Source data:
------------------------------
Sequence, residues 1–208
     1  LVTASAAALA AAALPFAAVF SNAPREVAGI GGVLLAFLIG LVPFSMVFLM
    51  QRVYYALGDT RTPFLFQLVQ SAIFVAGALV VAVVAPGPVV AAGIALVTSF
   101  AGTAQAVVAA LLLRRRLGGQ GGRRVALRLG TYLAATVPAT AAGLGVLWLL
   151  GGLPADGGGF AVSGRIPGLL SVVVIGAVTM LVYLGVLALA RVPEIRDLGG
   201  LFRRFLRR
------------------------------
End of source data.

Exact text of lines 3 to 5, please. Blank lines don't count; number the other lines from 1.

    51  QRVYYALGDT RTPFLFQLVQ SAIFVAGALV VAVVAPGPVV AAGIALVTSF
   101  AGTAQAVVAA LLLRRRLGGQ GGRRVALRLG TYLAATVPAT AAGLGVLWLL
   151  GGLPADGGGF AVSGRIPGLL SVVVIGAVTM LVYLGVLALA RVPEIRDLGG